Second thing - more shoping (power supply)
OK, so you have the transceiver, the local oscillator and now you need the descent power supply for the Eyal Gal unit. As you already know, +8V, +12V and -12V  are required for this unit. I start to make the first test with the old PC power supply where +/-12V is available and +8V was produced with a single 7808 voltage regulator. This can work, but if you plan to run your transverter portable on the car battery then the PC power supply is not a good option.The tricky part is obtaining -12V and 120mA. For that purpose I use the DC/DC converter (thanks to Ernie) where I have the +/-12V and 250mA output which should be more than enough for the negative supply. The positive 12V is obtained from the 12V rail external power supply or the battery. 
Another tricky part may be the +8V where the consumption may reach over 1A in TX. This can be solved with the switching units. To make things simple, I use two 7808 regulators in parallel with the diode on the output. All the voltage regulators are fixed to the good heatsink.

Finally some soldering (IF switching unit)
So beside the L.O. delivering 10dbm you need a IF radio delivering -21dbm for the proper mixing. Of course, the attenuators are used. Take care, if you ran the IF radio with 2w of output you need 54dB of attenuation on 70cm which is not a trivial. If you used the relay for switching, it should be a good one, with the good isolation. Instead of that, I use the old fashioned switching with the PIN diodes. It is true that also on the RX side I have something about 5db of attenuation, I cure the problem with an extra MMIC amplifier in the RX side of IF switching unit. Of course, I was faced then with the extra gain and s-meter showing S-2. Then extra attenuator was introduced, which is not bad idea as the mmic see the nice 50ohms on input/output.

All those PINS (Eyal Gal transceiver)
The Eyal-Gal unit is a transceiver and not so much to switch around it. To make a story short, you need to key only PIN 1 and all the rest of the pins you can leave n/c. 

But who want to know more:
Pin 1 is described as TX inhibit pin. It mean that you need to ground this pin when on RX and lift up when on TX. This will result better reception and less current consumption that leads to less heating of the Eyal-Gal at the end. So do not forget, PIN 1 to GND when on RX.
Pins 2 and 3 are n/c ( I love when the pins are n/c :-)
Pin 4 is 0V ( I left my n/c as I have enough ground through the housing )
Pin 5 is AGC To be correct, you can reduce the TX conversion gain by applying 0-5V dc. Leaving this port n/c :-) you will have the maximum gain (and the output power)
Pin 6 is a output power detector, where you can see by the DC voltage if you have the output power. I measure a bit more than 3V DC on that pin when on TX. Do not expect the voltage following the modulation! You will have constant (more or less) DC voltage as there is the 2xLO signal and both mixing products measured. This is why you need a filter on the TX output side !
Pin 7 is the RX AGC control. Well it works the same way like the pin 5, if n/c you will have the highest RX gain, if 0-5V dc applied you can reduce the RX gain.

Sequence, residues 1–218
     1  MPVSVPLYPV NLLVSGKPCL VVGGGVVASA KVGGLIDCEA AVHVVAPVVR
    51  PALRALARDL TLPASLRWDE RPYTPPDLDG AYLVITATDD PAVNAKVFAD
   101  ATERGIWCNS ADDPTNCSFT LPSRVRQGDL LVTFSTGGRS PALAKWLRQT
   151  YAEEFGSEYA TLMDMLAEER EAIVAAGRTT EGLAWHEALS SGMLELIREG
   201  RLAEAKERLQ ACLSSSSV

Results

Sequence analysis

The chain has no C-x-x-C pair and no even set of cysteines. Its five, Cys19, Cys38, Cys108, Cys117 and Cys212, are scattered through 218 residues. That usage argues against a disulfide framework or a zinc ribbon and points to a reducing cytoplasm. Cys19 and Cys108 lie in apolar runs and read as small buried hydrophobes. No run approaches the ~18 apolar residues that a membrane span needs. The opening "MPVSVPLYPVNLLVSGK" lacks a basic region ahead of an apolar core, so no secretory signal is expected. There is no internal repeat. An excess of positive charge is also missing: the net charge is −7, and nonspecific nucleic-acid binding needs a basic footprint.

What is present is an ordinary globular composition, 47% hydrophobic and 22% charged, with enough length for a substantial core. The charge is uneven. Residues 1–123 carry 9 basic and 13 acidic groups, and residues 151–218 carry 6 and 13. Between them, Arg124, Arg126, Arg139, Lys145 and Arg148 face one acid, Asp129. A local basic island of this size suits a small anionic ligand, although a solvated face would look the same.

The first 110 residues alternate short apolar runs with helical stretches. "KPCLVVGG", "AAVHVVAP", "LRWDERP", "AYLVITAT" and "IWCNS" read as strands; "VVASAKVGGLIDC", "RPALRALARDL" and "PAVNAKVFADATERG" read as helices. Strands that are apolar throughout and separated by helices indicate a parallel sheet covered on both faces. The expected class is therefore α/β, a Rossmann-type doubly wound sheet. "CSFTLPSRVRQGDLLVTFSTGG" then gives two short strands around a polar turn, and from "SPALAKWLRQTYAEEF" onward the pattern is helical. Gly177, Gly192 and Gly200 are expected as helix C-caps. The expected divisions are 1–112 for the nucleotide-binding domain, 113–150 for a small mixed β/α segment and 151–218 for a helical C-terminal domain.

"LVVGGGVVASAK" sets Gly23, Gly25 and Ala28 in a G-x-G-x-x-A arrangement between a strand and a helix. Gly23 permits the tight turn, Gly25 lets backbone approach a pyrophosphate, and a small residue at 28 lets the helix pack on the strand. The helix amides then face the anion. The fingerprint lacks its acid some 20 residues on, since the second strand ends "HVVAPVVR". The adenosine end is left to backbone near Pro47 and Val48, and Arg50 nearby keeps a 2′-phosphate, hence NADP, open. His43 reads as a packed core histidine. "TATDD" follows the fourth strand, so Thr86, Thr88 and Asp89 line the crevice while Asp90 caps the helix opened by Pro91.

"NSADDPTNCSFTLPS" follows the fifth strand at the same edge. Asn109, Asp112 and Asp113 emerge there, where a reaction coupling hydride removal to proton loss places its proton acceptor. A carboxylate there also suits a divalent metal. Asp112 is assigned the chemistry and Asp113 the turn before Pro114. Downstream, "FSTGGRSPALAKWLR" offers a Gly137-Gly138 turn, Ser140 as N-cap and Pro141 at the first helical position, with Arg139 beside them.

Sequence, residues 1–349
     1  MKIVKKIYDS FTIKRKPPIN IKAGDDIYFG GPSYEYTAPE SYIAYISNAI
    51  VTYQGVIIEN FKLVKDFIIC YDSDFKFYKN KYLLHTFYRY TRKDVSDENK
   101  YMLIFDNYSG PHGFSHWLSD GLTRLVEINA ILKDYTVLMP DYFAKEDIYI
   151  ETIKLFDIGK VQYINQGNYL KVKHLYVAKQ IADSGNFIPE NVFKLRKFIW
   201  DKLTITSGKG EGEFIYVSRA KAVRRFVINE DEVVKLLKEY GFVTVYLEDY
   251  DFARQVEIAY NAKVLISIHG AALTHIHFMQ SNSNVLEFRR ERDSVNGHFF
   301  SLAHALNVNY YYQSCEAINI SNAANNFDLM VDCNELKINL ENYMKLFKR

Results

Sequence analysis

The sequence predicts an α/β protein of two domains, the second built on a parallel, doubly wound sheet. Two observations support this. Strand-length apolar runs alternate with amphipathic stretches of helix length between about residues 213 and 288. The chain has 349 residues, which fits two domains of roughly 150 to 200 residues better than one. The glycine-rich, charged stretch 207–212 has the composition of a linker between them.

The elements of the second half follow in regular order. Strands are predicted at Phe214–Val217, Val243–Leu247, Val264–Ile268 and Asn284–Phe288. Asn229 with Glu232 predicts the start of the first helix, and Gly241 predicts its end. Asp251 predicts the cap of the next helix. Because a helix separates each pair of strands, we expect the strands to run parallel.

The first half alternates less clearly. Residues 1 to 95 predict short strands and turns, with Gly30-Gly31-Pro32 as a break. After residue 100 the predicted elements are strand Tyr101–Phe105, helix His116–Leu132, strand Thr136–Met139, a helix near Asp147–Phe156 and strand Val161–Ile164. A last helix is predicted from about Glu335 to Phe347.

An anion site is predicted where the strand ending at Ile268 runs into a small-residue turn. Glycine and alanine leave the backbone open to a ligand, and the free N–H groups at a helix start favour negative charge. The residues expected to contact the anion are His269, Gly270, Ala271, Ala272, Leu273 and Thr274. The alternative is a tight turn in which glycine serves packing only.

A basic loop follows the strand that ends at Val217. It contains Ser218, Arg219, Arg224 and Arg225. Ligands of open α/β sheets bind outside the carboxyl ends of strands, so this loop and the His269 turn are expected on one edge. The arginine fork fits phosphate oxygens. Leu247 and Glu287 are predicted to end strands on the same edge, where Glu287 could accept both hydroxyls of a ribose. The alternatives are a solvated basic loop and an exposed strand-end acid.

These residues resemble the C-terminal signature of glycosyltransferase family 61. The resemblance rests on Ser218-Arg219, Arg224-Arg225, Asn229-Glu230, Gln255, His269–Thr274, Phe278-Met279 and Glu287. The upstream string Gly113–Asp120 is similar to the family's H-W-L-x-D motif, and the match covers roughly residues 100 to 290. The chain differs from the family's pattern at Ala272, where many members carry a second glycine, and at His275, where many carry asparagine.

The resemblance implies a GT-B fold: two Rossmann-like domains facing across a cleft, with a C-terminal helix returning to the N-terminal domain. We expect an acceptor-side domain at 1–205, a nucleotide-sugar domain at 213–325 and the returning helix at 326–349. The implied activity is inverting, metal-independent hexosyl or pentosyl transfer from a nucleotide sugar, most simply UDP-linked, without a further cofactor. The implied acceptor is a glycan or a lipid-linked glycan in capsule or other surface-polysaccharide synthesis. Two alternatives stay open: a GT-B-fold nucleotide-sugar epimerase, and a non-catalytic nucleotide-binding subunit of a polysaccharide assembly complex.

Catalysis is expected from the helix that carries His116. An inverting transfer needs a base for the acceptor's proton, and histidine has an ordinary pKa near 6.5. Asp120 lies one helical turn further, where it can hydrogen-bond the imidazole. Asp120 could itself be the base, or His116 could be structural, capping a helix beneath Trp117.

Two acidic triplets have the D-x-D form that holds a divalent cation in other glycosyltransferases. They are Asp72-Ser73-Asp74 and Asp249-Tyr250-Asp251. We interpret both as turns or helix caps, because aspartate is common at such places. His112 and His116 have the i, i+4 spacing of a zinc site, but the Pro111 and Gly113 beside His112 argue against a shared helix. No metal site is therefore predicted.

Filtering (spending more money)
The output filter on the TX side is a MUST. Do not operate the transceiver without it because you may interfere with some cell tower links. You do not want to do that. You will have to look for a experience microwave guy help here or buy the tuned filter for the desired frequency.

Antenna switching
You probably heard the stories that antenna relay for the 24GHz operation should be a waveguide switch and nothing else... So why there are SMA coaxial relays on the market rated to operate up to 26.5GHz ? The E-bay is good source of such relays with a fair prices. More over the latching relay type can be purchased really cheap. Using the SMA relay will save you a troubles bending the waveguides, using the flexible waveguide and at the end the waveguide switch is really expensive. So the SMA coaxial relay is not only a cheaper but occupy less space and the box can be smaller, which also reduce the final cost of the transverter.
I did not measure the difference and the losses, but messing with the waveguide switch comparing to the SMA relay is not worth money and time.

First tests
Even the desk measurements on the instrumens were OK, the real test was performed listening the live signal on the band. Observe the frequency stability of the Eyal Gal transverter and the Mini beacon running some 4km away. The mini beacon will be explained in the next article. Note: none of the units were conected to the GPSDO reference.

Finally results :-)
At the end, what can be done with the 24GHz transverter described, so far I made the 236km QSO in a not so good conditions, means humidity 60%, temp 17 degC and pressure 1016hPa. The antenna used was a "footer" 32cm dish. The qso was a SSB with a solid copy both sides. Well, do not forget to switch the LSB on your radio when operating USB due to high side mixing. The drawback is that the tuning the frequency is opposite, but this should not be a problem for a experienced microwave operator.
Have fun.....

Friday, February 7, 2014

13cm NO TUNE doubler - multiplier

After some time I am back :-)

The multiplier layout on the LNA4HF PCB
...and the real doubler

Monday, April 1, 2013

NOTARS-S Transverter 13cm band

NO Tune And Really Small, this time for 13cm band...
After successful testing of NOTARS-C band transverter for the 3400 MHz it was just a matter of time to do the same with the transverter for the S band. It means this transverter can be used on all 13cm bands world wide 2304 MHz, 2320 MHz, 2401 MHz etc... It can be used also as the  S53MV NBP ( Non-Flawless Protocol) transverter for up converting the 70cm band to 13 cm or 9 cm ( using the NOTARS-C ) Low side or high side L.O. injection - it does not matter until we use the 70cm band for the I.F.

The beer bottle caps are not the part of the project, they are here just to give you the idea of the transverter size. Maybe this beer caps are good for filters up on the 6cm band but not here :-) This is the prof of project board and the final PCB should be even smaller, there is a plenty room for the resizing making everything working the same on less FR-4 substrate. There is a short video showing the reception from the other 13cm transverter using just a Wi-Fi vip antenna.